The Buffalo features all-round protection, including the windows and roof, against 7.62 x 51mm ball small arms fire. It can withstand up to 45 lbs. of TNT under any wheel or 30 lbs. under the V-shaped centerline. With slat armor added, the Buffalo is additionally resistant to RPGs, grenades, or other attacks.
US Army 759th Explosive Ordnance Disposal team Buffalo Mine Protected Clearance Vehicle (MPCV) during an improvised explosive device (IED) training exercise at the National Training Center, Fort Irwin, CA, 20 June 2005.
Today in WW II: 17 Jun 1940 As Germany overruns France, Allied troops execute Operation Ariel, the evacuation of France [15-25 June]. More↓
The heavyweight Buffalo Mine Protected Clearance Vehicle (MPCV) truck is over nine feet high, nearly 27 feet long, and weighs about 24 tons. A prominent feature is the front-mounted 30-foot long, remote controlled hydraulic arm tipped with a "spork" (spoon/fork) also called "the Claw." The robotic arm enables the Buffalo crew to handle suspicious items from a distance. The arm includes an armored day/night video camera that allows the team to closely and safely investigate anything the arm can reach. Here is a video of the Buffalo along with other MRAP vehicles:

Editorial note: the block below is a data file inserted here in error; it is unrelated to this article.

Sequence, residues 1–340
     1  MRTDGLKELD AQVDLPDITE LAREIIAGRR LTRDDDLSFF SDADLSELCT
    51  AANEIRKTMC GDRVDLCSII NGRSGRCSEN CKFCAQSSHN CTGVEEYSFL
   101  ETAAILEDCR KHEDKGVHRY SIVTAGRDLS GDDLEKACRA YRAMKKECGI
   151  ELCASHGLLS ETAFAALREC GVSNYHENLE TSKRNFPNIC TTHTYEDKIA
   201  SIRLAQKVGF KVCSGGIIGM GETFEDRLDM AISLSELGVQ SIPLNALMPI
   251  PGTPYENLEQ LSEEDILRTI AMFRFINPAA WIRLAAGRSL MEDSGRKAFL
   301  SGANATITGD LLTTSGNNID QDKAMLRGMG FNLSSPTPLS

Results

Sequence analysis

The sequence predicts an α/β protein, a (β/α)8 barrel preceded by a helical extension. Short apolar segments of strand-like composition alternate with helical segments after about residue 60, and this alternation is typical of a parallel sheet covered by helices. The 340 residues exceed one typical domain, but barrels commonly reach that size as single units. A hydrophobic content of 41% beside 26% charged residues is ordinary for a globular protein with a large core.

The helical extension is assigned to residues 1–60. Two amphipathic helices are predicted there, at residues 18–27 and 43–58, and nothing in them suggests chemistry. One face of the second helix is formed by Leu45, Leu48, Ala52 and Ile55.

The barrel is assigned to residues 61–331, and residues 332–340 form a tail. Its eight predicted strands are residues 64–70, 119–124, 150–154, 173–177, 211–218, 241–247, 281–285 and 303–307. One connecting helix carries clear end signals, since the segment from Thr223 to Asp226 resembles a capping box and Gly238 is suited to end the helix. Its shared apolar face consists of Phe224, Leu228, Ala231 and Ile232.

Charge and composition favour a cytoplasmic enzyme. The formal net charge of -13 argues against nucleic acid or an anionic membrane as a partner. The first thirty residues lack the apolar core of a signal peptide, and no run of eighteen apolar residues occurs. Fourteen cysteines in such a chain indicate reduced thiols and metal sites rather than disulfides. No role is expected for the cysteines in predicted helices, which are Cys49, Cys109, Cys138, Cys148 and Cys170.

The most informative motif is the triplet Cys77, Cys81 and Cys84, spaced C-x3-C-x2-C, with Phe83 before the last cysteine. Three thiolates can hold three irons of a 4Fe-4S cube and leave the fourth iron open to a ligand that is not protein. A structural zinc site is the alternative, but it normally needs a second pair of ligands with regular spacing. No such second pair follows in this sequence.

The Buffalo has a crew of two plus has seating for four EOD engineers and room for all their gear. The crew is protected and well-treated with features including comfortable seats, spacious cabs, air conditioning, individual rifle racks and blast-proof windows.
The curb weight of the Buffalo is 43,000 lbs. with a max payload of 27,000 pounds. It has run-flat tires and CTIS. The engine gets between 7 and 8 mpg on diesel fuel and can burn JP-8 with downgraded performance.
Procurement of the Buffalo from Force Protection Inc. began slowly, causing great financial strain on the company. The USMC had procured only four of these vehicles as of late 2005. But by the end of 2006, a total of 137 Buffalos had been ordered by the Army and Marine Corps. With the accelerated procurement in 2007, many more will be shipped. The original Buffalo front suspension was found to be inadequate for the rough terrain of Afghanistan, resulting in a design upgrade to the springs and a retrofit program for Buffalos already deployed.
Buffalo Mine Protected Clearance Vehicle (MPCV) with hydraulic arm extended, Iraq.
Buffalo Mine Protected Clearance Vehicle (MPCV) from the 15th Marine Expeditionary Unit, assigned to Explosive Ordnance Team 8 along a highway in southern Iraq, July 2005. Note the size difference of the HMMWV visible on the left.
Buffalo Mine Protected Clearance Vehicle (MPCV) with slat armor installed.
Buffalo Mine Protected Clearance Vehicle (MPCV) with hydraulic arm extended, Ft Leonard Wood, MO, March 2006.